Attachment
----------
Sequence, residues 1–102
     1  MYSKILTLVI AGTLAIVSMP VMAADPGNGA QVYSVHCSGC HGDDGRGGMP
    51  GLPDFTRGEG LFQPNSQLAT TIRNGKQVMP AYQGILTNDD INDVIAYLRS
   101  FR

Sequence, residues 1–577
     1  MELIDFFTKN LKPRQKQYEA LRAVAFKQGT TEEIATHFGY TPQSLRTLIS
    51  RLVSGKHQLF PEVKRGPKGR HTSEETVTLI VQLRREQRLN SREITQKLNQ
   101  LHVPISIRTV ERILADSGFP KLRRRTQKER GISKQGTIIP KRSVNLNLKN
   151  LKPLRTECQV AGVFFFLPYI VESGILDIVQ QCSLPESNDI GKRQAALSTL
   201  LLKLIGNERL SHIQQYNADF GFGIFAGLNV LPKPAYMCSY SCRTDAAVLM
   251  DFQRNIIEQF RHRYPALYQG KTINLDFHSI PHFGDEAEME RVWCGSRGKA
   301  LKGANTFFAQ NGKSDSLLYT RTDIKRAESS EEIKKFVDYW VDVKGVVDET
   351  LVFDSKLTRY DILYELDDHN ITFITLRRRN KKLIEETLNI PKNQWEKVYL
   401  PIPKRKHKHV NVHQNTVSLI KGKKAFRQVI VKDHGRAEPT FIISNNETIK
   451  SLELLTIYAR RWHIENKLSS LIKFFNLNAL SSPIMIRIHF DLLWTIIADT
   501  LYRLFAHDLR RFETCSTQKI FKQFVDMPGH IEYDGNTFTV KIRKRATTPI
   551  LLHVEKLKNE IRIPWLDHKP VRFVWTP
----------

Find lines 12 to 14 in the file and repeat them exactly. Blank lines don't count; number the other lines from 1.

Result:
   301  LKGANTFFAQ NGKSDSLLYT RTDIKRAESS EEIKKFVDYW VDVKGVVDET
   351  LVFDSKLTRY DILYELDDHN ITFITLRRRN KKLIEETLNI PKNQWEKVYL
   401  PIPKRKHKHV NVHQNTVSLI KGKKAFRQVI VKDHGRAEPT FIISNNETIK